I attended the “Comparative Effectiveness” themed roundtable at the annual NCCN meeting last week. I’m still not sure what comparative effectiveness means, or what The Hill crowd is planning with it, but I know there are a lot of people who want to discuss it and seem very concerned about it. Someday I hope to know how the Comparative Effectiveness Institute is going to impact on cancer care giving, but until then I’ll keep attending meetings and picking up tidbits pointing me toward the story. When I figure it out we’ll do an article. Sarcasm aside, if this roundtable was about Comparative Effectiveness, I want more. For oncology wonks, this was a great hour spent contemplating the future of the U.S. healthcare system and in particular the future of the oncology industry.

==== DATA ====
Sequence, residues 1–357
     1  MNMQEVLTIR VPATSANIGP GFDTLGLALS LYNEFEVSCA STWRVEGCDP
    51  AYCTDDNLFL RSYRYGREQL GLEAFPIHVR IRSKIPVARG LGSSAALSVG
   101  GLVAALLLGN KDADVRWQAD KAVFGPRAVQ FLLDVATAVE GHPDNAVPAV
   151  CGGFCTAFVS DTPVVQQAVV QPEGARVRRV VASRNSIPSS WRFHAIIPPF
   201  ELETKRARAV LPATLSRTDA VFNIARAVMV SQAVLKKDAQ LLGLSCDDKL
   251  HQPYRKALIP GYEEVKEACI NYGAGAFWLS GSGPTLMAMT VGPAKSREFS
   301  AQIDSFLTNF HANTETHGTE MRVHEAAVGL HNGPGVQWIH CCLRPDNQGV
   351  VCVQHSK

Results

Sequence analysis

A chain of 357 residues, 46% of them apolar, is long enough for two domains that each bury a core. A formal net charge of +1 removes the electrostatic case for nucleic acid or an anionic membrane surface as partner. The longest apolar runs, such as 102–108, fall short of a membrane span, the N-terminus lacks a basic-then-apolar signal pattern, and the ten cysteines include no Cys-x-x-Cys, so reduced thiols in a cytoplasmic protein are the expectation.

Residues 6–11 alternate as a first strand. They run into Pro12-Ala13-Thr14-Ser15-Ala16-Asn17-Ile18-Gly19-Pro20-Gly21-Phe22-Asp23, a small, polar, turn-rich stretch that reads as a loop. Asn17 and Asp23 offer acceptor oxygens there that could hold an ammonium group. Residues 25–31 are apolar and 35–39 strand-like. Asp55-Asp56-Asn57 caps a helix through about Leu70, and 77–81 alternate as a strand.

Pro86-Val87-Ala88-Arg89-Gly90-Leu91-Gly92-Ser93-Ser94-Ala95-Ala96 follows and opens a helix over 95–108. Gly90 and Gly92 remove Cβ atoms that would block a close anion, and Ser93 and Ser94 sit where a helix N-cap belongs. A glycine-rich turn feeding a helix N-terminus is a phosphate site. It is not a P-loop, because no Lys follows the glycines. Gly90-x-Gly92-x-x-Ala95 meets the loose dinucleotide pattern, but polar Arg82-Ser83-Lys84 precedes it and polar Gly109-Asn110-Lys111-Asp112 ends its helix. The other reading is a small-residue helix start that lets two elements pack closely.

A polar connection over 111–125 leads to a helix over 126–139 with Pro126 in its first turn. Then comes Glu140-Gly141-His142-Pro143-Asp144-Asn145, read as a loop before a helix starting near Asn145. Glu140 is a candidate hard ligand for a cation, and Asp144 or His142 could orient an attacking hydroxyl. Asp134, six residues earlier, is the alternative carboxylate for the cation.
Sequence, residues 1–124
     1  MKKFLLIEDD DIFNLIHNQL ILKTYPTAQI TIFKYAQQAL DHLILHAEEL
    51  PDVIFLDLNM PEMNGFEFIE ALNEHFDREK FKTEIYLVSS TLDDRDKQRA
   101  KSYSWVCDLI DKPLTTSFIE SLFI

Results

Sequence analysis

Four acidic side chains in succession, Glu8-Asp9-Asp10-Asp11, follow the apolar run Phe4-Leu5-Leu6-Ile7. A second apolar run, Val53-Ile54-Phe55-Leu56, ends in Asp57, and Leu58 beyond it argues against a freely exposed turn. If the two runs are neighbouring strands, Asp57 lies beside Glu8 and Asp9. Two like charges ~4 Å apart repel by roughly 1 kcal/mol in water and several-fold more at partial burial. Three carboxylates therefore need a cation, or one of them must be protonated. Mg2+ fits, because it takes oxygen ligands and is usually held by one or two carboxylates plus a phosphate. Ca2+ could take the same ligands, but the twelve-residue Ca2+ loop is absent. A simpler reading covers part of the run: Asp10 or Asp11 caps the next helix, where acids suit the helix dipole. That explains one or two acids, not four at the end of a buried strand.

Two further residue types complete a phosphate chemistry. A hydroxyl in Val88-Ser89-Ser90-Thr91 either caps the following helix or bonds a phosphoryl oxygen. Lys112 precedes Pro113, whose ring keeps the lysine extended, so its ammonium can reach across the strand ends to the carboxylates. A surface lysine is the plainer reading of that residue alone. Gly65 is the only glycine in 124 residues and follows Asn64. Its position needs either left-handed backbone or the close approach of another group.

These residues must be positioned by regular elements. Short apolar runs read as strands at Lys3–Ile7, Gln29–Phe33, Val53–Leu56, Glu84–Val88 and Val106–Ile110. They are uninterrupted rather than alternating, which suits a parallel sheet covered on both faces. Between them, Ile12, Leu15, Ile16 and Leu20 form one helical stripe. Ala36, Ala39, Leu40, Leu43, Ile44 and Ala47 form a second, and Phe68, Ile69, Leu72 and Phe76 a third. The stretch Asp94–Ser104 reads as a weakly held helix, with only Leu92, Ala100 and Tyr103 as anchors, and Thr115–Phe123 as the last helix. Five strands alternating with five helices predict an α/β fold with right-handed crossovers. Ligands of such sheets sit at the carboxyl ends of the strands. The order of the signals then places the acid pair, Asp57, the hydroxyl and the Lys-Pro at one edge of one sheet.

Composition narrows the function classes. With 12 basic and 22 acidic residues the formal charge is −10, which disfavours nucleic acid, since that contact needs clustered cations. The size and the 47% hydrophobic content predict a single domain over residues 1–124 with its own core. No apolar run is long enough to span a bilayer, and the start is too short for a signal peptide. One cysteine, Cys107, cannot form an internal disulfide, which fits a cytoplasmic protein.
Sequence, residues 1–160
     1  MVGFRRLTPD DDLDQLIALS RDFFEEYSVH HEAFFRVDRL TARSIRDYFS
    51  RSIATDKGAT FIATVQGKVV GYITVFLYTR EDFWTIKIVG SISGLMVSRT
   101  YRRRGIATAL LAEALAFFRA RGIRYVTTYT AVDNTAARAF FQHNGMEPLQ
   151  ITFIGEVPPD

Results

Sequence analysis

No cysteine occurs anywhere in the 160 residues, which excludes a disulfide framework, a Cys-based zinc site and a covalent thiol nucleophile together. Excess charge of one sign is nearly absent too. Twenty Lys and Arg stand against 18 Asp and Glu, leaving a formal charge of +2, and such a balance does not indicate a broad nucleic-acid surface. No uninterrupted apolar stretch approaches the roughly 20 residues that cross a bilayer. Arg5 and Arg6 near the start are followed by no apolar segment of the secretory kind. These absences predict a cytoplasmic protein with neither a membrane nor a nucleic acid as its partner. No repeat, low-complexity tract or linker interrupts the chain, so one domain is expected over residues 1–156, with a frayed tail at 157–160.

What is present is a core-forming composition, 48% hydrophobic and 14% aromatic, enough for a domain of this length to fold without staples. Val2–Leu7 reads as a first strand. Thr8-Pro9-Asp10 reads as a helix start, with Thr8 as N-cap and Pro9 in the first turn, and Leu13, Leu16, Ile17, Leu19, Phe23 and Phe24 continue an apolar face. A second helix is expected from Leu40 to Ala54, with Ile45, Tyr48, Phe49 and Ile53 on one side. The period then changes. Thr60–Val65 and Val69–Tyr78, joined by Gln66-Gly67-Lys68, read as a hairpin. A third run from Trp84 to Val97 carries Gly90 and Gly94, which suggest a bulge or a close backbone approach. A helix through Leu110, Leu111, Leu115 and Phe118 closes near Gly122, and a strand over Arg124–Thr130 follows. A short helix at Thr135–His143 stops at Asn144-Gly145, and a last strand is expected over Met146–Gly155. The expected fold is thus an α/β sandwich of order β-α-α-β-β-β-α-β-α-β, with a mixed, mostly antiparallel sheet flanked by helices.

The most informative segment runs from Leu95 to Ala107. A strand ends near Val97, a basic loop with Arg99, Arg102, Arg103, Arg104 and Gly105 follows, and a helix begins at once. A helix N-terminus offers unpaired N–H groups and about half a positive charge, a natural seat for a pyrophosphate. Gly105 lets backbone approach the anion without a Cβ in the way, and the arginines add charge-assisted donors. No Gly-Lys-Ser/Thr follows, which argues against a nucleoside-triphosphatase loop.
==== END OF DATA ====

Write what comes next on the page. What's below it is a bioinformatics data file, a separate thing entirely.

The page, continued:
Perhaps there is an underlying problem fundamental to the term Comparative Effectiveness because we don’t even know what Effectiveness truly means. The roundtable began with an attempt at defining Effectiveness as it applies to oncology, and right away we were faced with the problem of Progression Free Survival (PFS). As Dr. Saltz of MSKCC stated very well, Progression Free Survival implies hope because when you throw that word Survival around, you automatically create hope for patients. Does positive PFS correlate to positive Overall Survival? Does a positive PFS deserve to provide hope to patients? Don’t forget that PFS is defined as the period of time patients lived without the cancer getting worse. What does that have to do with survival? And hope?